loser

He who thinks to save anything by his religion, besides his soul, will be a loser in the end.

A loser doesn't know what he'll do if he loses, but talks about what he'll do if he wins, and a winner doesn't talk about what he'll do if he wins, but knows what he'll do if he loses.

Let the truth and right by which you are apparently the loser be preferable to you to the falsehood and wrong by which you are apparently the gainer.

A loser doesn't know what he'll do if he loses, but talks about what he'll do if he wins, and a winner doesn't talk about what he'll do if he wins, but knows what he'll do if he loses.

The words "winner" and "loser" have many meanings. When we
refer to a person as a winner, we do not mean one who makes
someone else lose. To us, a winner is one who responds authentically
by being credible, trustworthy, responsive, and genuine, both as an
individual and as a member of a society. A loser is one who fails to
respond authentically. Martin Buber makes this distinction as he re-
tells the old story of the rabbi who, on his deathbed, is asked if he is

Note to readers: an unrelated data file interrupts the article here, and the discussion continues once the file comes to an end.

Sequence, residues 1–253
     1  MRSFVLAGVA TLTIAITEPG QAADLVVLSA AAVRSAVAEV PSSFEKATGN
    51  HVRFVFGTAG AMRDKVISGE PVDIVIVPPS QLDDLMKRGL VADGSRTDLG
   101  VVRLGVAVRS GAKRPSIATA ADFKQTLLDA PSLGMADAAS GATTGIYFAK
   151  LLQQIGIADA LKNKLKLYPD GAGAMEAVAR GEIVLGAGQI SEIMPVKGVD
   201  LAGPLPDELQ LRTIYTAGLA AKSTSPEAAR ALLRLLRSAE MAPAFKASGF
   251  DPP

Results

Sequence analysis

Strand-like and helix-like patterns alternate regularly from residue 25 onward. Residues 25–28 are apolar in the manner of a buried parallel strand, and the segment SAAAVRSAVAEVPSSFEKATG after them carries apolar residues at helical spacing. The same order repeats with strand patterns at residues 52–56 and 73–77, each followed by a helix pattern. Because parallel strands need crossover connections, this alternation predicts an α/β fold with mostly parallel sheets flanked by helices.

ready for the world to come. The rabbi says yes. After all, he will not
be asked, "Why were you not Moses?" He will only be asked, "Why
were you not yourself?"

He who conquers is not the victor unless the loser considers himself beaten.

You must never be satisfied with losing. You must get angry, terribly angry, about losing. But the mark of the good loser is that he takes his anger out on himself and not his victorious opponents or on his teammates.

A winner rebukes and forgives; a loser is too timid to rebuke and too petty to forgive.

Agnosticism is a perfectly respectable and tenable philosophical position; it is not dogmatic and makes no pronouncements about the ultimate truths of the universe. It remains open to evidence and persuasion; lacking faith, it nevertheless does not deride faith. Atheism, on the other hand, is as unyielding and dogmatic about religious belief as true believers are about heathens. It tries to use reason to demolish a structure that is not built upon reason; because, though rational argument may take us to the edge of belief, we require a "leap of faith" to jump the chasm.

If Wall Street paid a tax on every “game” they run, we would get enough revenue to run the government on.

And so it's inescapable and people who proclaim scrupulous honesty can only proclaim that if they don't examine closely the things they believe.